A private company has successfully launched a rocket into space for the first time. Starship Enterprises Ltd (also known as SEL) are planning regular rockets to the Moon, Mars and beyond, as soon as the technology is cheap enough. They are already working with budget airlines to develop a space-plane at crashingly low prices.
SEL's director Randy Gauntlet explained that allowing private businesses into space would provide benefits to all. As well as less tax money being dropped into the bottomless pit of space, toilet facilities would also be improved. Government-funded space toilets are notorious for their lack of comfort and unearthly odour.
But they are not the only company itching to get their hands on a piece of space. Coffee company Starbunks are reported to have bought the rights to open coffee outlets throughout the known universe, after the US government decided to sell its space assets to raise cash.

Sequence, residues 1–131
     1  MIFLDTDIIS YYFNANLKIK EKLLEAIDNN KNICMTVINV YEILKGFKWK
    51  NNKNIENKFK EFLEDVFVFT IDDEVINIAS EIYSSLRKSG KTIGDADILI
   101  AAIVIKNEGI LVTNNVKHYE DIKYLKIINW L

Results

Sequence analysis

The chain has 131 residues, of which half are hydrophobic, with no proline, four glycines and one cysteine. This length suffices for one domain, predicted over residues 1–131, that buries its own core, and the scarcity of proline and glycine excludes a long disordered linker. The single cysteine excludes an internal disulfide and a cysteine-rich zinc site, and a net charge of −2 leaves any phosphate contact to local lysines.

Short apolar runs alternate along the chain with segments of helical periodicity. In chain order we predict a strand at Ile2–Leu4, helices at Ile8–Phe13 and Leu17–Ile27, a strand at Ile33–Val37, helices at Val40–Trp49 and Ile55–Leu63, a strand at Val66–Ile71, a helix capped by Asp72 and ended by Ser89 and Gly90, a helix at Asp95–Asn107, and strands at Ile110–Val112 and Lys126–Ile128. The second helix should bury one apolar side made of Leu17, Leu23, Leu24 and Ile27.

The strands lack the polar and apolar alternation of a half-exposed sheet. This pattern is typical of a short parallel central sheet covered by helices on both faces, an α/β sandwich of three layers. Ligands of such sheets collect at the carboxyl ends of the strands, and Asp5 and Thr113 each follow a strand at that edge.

However, there could be complications as the Russians have claimed that space belongs to them because they reached it first. Thankfully, the Pope has stepped into the debate. He has suggested that Starbunks should be allowed to settle all of outer space to the left of a line 370 leagues west of Seattle, and Russia should get the rest.
Meanwhile, Bryanair have announced that they will be teaming up with SEL to provide budget flights to the Moon. One way tickets would be on sale for as little as £1, although a return ticket would be significantly more. Bryanair have told their customers "not to worry about safety, because we don't. Customers can expect the same levels of comfort and service in space that they have become accustomed to on Earth."
All this interplanetary capitalism has sent markets rocketing, but some miserablist hippies are not so pleased. Green campaigner Wendy Searises moaned, "Humans have already ruined the Earth. If we're allowed to go to Mars then soon there'll be no rainforests there either."